Get to know Cory, SAMRU’s Cultural and Indigenous Inclusion Programmer

This June is National Indigenous History Month, and National Indigenous People’s Day is June 21. In recognition, we sat down with SAMRU’s Cultural and Indigenous Inclusion Programmer, Cory Cardinal, to learn more about the Cultural Inclusion Centre (CIC) and the significance of having cultural and Indigenized spaces on campus. 

Keep reading to learn about Cory’s history with your Students’ Association and how the CIC has worked to Indigenize and collaborate with all cultures on campus.

Can you tell us a little bit about yourself?

My name is Cory Cardinal, and I’m the Cultural and Indigenous programmer with the Students’ Association, and I’ve been here for 21 years. I’m Plains Cree and Tsuut’ina, and I grew up on Tsuut’ina on a little ranch— now it’s a freeway. I was a student here at Mount Royal in the 90s, and I got involved with the Indigenous Student Club. When the club was formed, we asked the students to write on Post-It notes the top three things they wanted to accomplish as a club. The main thing they wanted was to develop an Indigenous student centre, so as a club, we worked on things like developing the Powwow and the Native Centre.

What is the importance of having cultural and Indigenous spaces on campus?

It all goes back to history and things like residential schools, where western institutions weren’t so welcoming. So developing these cultural and Indigenized spaces just gives students opportunities to connect with the community, create a sense of home, and have a place to build and create awareness and share culture. Indigenous [peoples] have been displaced, unheard, and devalued for so long that having these spaces creates a welcoming environment.

What does Indigenization mean to you?

In my personal way of looking at it, it’s creating an educational system that helps both Indigenous and non-Indigenous rebuild a relationship where there’s less bias.

We have students who will go on to become lawyers, police officers, nurses, social workers, and other professionals in prominent positions. These are future leaders will help create a better environment for the Indigenous community. Issues such as the number of children in care and the high incarceration rates must change – and we can start making those changes at the post-secondary level.

What can non-Indigenous students do to work towards reconciliation?

It’s totally up to them on what level they want to Indigenize. There’s tons of history to read, and there’s the Truth and Reconciliation Commission. That’s when Canada decided they were going to build reconciliation. Students can look at that and try to understand the underlying issues [that led to] the Truth and Reconciliation Commission.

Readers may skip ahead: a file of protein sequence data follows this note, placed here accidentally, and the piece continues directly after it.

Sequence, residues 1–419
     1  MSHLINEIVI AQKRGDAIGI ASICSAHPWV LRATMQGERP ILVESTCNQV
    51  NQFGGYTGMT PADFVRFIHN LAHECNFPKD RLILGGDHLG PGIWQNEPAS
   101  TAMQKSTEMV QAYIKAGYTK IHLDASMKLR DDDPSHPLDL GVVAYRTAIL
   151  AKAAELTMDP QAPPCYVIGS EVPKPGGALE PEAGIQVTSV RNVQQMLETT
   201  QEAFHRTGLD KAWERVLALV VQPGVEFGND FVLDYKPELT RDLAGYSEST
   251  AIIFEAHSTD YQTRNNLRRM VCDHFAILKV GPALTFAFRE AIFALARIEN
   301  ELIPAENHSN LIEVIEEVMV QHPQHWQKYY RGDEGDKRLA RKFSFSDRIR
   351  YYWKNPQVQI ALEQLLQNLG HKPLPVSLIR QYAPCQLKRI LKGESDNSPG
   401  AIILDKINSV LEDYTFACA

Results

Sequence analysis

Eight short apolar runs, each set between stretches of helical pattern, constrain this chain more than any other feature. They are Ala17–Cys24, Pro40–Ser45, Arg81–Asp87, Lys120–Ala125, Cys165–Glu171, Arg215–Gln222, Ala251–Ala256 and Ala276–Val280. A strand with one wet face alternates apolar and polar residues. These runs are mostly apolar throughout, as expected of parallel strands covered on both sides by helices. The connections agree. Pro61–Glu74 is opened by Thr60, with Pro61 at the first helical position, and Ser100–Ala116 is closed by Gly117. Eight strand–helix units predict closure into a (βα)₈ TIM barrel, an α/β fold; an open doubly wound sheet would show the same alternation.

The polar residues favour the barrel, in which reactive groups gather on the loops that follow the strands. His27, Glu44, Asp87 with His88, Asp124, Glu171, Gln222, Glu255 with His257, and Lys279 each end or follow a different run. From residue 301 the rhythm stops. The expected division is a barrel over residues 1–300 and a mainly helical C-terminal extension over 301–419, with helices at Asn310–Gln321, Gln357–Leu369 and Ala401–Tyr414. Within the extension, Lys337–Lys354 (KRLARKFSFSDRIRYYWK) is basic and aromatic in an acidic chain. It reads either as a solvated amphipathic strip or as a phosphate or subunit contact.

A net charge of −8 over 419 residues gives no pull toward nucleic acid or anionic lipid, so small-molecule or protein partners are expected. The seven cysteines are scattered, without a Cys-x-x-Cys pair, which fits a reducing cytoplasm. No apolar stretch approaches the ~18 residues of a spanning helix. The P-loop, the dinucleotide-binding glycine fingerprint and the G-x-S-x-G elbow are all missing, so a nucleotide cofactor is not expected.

There is a system that does not work in Indigenous favour. Students should look at what could be changed and what doesn’t seem to be right and look into making those changes.

Do you have any recommendations for resources or readings for students to research?

There’s the Truth and Reconciliation Commission. You can easily search for and obtain a copy on the Internet. 

Mount Royal signed Universities Canada’s commitments to truth and reconciliation.

Once the Office of Academic Indigenization here on campus gets rolling, that will have a great positive effect for everybody.

How can students get to know you and the Cultural Inclusion Centre (CIC)

The Cultural Inclusion Centre is located in Z203 in Wyckham House, and what we do has a lot to do with what the students want to do. We encourage students to come talk to us and see if there’s anything they’d like to get involved in. If there’s a new idea and we have the capacity to help them we’ll develop that idea or help support in other ways. 

The one thing I like about my job is that everything is open and available to try. We’re not just focusing on Indigenous culture — we’ve got the whole world to play with!

What are the events you look forward to every year?

We have an annual Powwow we do in partnership with the university. It’s always fun to have the local Indigenous community come visit and be a part of the celebrations. In the past, a lot of our students have come to MRU because, as children, they came to the Powwow, and they felt like it was home.

I really enjoyed Black History Month, working with the students on that and some of the awesome entertainment we have here on campus. The cultural performers are amazing.

I also like working with Mount Royal on the Cultures of MRU and creating new programming with the university.

To get in touch with Cory, you can email him at or come to the Cultural Inclusion Centre (CIC) in room Z203 in Wyckham House from 9:00 am – 4:00 pm on weekdays (excluding holidays).

For general inquiries, you can reach us at